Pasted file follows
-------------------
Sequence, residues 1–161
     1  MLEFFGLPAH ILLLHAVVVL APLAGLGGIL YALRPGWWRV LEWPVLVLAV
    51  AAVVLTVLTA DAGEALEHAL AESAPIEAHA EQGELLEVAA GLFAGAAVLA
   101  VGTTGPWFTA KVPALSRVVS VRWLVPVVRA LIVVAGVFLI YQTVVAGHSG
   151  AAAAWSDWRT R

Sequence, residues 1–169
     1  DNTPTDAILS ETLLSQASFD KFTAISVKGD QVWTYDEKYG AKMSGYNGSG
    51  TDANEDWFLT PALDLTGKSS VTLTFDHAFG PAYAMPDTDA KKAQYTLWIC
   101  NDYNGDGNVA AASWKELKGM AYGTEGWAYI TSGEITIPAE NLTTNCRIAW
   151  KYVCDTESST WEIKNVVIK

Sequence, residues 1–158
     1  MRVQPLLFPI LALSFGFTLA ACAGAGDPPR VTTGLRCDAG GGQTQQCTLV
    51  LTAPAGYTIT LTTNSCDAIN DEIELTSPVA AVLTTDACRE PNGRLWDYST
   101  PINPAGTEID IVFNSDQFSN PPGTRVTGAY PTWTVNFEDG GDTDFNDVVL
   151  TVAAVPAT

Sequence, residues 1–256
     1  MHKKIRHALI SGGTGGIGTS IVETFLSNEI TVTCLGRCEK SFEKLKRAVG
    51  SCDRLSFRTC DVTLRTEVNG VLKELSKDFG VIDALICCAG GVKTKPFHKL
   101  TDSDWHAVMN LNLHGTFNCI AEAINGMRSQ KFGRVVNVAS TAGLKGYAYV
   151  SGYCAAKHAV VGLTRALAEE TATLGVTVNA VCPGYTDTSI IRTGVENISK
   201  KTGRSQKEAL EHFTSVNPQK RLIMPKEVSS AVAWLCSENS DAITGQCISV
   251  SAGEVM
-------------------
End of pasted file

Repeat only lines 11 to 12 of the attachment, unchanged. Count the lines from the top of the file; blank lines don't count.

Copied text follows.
Sequence, residues 1–158
     1  MRVQPLLFPI LALSFGFTLA ACAGAGDPPR VTTGLRCDAG GGQTQQCTLV